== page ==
Butterfly fervour

I had wanted to share some of these photos about half a year ago (or slightly more than that).

These were taken at the Insectarium in our Ecogarden. It was a September morning, and the first time I stepped into the Insectarium. Mr Tan, our dedicated gardener, gave me a guided tour. It was exciting to check out the place, amidst some unusual excitement happening in my Department then (A native palms mini-exhibition, Launch of a Guidebook, MacRitchie Reservoir trail). I stayed for a while looking at both caterpillars and butterflies that Mr Tan pointed out to me. The caterpillars are camouflaged well and I would probably miss them on my own. It is a pity my camera phone wasn’t able to capture the photos as nicely as I wish.

While at the Ecogarden in the same morning, I also managed to take some photos of butterflies fluttering around a snake plant right in front of the garden. That was one rare occasion for me, to see the butterflies in action at the Ecogarden. Later, I realised timing is very important to be able to observe the butterflies. I usually like to visit the Ecogarden in the evening and have not seen the butterflies before.

The recent discussion about our upcoming butterfly exhibition at Science Centre has reminded me of my excitement last September. Checking in with the exhibition project officer June, I was told that the details will be out really soon. It’s about a few months away and I’m really looking forward. We’ll keep the exhibition title a mystery at the moment, but we welcome any guesses that you might want to throw our way!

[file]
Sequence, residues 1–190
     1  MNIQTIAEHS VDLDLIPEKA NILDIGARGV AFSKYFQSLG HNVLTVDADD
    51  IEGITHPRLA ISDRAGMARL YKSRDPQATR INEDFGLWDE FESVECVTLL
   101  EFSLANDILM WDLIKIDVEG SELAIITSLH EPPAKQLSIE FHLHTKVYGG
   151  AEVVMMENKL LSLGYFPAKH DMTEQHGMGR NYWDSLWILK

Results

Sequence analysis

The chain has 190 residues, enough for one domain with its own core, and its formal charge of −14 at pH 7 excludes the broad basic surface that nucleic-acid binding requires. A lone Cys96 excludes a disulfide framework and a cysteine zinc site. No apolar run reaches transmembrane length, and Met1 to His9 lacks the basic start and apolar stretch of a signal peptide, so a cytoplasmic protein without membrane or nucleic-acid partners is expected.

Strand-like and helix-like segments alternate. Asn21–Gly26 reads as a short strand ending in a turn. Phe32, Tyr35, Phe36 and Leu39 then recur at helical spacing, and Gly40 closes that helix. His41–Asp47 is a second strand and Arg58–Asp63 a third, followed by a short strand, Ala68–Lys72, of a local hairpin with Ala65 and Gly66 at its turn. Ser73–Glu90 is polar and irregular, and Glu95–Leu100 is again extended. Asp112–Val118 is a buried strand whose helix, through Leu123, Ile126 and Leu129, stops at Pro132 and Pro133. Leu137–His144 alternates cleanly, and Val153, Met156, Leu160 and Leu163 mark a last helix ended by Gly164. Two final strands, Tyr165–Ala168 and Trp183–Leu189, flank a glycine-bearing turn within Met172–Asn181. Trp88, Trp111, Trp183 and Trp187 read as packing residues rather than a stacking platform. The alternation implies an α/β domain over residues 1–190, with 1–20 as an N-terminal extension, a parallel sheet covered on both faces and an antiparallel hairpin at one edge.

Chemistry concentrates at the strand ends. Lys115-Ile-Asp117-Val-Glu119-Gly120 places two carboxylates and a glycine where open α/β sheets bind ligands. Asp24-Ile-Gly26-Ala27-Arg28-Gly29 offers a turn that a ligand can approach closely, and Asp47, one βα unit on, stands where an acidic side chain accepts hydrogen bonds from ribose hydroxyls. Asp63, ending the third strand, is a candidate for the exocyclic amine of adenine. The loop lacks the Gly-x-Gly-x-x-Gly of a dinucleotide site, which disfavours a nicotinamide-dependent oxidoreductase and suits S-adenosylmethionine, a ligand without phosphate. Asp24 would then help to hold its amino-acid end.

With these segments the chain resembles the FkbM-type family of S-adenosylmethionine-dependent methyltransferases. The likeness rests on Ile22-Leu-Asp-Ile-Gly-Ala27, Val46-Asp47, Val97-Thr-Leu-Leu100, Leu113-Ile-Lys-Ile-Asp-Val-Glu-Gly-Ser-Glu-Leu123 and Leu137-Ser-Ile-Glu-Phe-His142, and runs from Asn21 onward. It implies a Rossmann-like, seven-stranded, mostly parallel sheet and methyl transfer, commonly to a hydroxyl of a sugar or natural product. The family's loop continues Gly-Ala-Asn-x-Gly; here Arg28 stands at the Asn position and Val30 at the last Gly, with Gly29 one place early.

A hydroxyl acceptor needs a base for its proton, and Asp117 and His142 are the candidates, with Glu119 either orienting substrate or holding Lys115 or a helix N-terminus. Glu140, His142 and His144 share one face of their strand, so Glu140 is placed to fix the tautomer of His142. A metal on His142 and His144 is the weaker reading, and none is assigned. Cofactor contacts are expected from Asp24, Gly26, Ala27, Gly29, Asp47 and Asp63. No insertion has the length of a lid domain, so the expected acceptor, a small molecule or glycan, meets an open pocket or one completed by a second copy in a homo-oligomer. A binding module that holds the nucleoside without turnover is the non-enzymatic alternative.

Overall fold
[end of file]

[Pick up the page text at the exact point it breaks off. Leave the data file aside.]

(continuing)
8 Comments Add yours

  1. Sanjali says:

    That’s how I felt about my first visit at the Insectarium too! If you don’t know what to look for, it’s easy to miss those butterflies fluttering around.
    I can’t wait till this exhibition is out, it’s going to amazing! 😀

  2. Kiat Teng says:

    This seems to be a season for butterflies. From my place, I can see plenty flying around the crown of trees.

    Time to check out the Ecogarden again!

  3. Danny says:

    Twas a similar experience for me too! Looking for them at the right time of day is critical in spotting these flitting beauties. Although I quickly realised that keeping still was just as important! By the way, I realised that the Milkweed Butterfly that you’ve highlighted above has been featured in an edition of the Singapore Scientist in the Nature Detectives section! 😉

    1. Kiat Teng says:

      Thanks for sharing the name of the butterfly, Danny!

      It looks common to me but I wasn’t sure about the name. 🙂

      1. Danny says:

        You’re welcome Kiat Teng! The second butterfly featured in your post below closely resembles an Orange Skipper on the snakeweed plant. I’m pretty certain that’s it! 😉

      2. Kiat Teng says:

        Cool! Thanks for the ID! 🙂

  4. SK says:

    The ID of that “milkweed butterfly” is Plain Tiger (Danaus chrysippus chrysippus). It is a common butterfly in Singapore due to the cultivation of its caterpillars host plants – Asclepias currasavica and Calotropis gigantea. You may want to refer to ButterflyCircle’s online checklist if you would like to know more about the different species of butterflies we have in Singapore – http://www.butterflycircle.com/checklist/

    1. Kiat Teng says:

      Thanks for sharing, SK!

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